How do you manage your costs of uniformity?

The recent talks driven by experts on the necessity to revive creativity and multiplicity of ideas for a more sensible innovation has nicely outlined an approach that is critical to this blog: understanding the limits of uniformity and seeking to address them for more innovation. Our management report, “Diversity as a success story“, outlines a step by step approach to analyze such costs, as well as a holistic understanding of the social and economic threats implied by uniformity. Freeing ourselves from uniformity is not only a necessary condition to fully exploit our human creative value, it is critical to continuously nurture our innovation culture, and willingness to change. In the upcoming management report we will issue shortly, “Human centricity and systemic innovation”, we also discuss how this reverse engineering process is crucial to build knowledge networks focused on customers in entire organizations.

Understanding the limits of uniformity


Economic and political trends have recently shown diversity and uniformity drive two faces of the same innovation coin: our ability or inability to jointly make sense of global and systemic issues and define collaborative solutions. Between inclusion and exclusion, our global innovation discussion tries to identify a clear limit between individualization of services and scales needed to sustain economic and business models. As a result, the imbalance generated by thinking frameworks developed through highly engaged yet limited online communities outlines the necessity for businesses and innovation makers to analyze the processes and ideas leading to lack of diversity and meaningful developments.

Through a thorough and holistic understanding of individual and group behaviors posing threats to creativity, management and operational teams can openly discuss the innovation environment they operate with. The idea is not to point to specific issues and assign responsibilities, it is rather to analyze how those unconscious or conscious roles affect the creativity value chain across the organization, and therefore to adapt processes and operations accordingly. After having scoped diversity styles and difference virtuous circles for their projects or their teams, innovation practitioners can use the cost of uniformity framework to draw tangible boundaries to their knowledge and creativity, and seek to overcome them through collaborative innovation.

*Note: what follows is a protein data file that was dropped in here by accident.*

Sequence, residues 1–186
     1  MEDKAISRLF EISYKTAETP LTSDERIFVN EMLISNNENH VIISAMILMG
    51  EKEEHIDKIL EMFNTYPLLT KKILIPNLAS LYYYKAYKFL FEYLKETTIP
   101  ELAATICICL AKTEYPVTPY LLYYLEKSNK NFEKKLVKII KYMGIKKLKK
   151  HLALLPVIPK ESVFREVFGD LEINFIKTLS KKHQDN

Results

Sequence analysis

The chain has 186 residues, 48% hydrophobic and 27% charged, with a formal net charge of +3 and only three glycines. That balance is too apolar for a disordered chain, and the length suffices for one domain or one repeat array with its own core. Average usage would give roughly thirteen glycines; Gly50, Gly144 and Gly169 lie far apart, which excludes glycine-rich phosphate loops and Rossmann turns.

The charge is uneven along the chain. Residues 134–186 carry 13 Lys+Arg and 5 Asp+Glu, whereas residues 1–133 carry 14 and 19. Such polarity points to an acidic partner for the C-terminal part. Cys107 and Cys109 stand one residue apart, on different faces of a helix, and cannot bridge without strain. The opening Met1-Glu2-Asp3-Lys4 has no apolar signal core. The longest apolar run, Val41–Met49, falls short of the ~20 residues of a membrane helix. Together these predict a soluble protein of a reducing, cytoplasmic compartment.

How to assess your costs of uniformity


The uniformity values identified in the analysis help understand the core behaviors to avoid if innovation wants to include diversity as a core value. Based on those human learnings and habits that have inspired automated and industrialized ways of working, it is possible to anticipate the frustration and lack of innovation that experts have already identified in numerous disrupted sectors and economic models. For instance, the costs of uniformity assessment for would read as follows:

  • Work: “The “SEO” bias to sense”

Developing and maintaining the size of our social communities requires a number of posts and publications to heighten visibility for readers, but also for algorithms and bots that participate to share our information. Although dedicating development and review time to manage the blog is crucial, the repeated share and communication on existing content has proved irrelevant as bots and algorithms, as well as individuals, may lose the human sense driving both analyses and overall value of our global story.


  • Win: “Too much emotions kill emotions”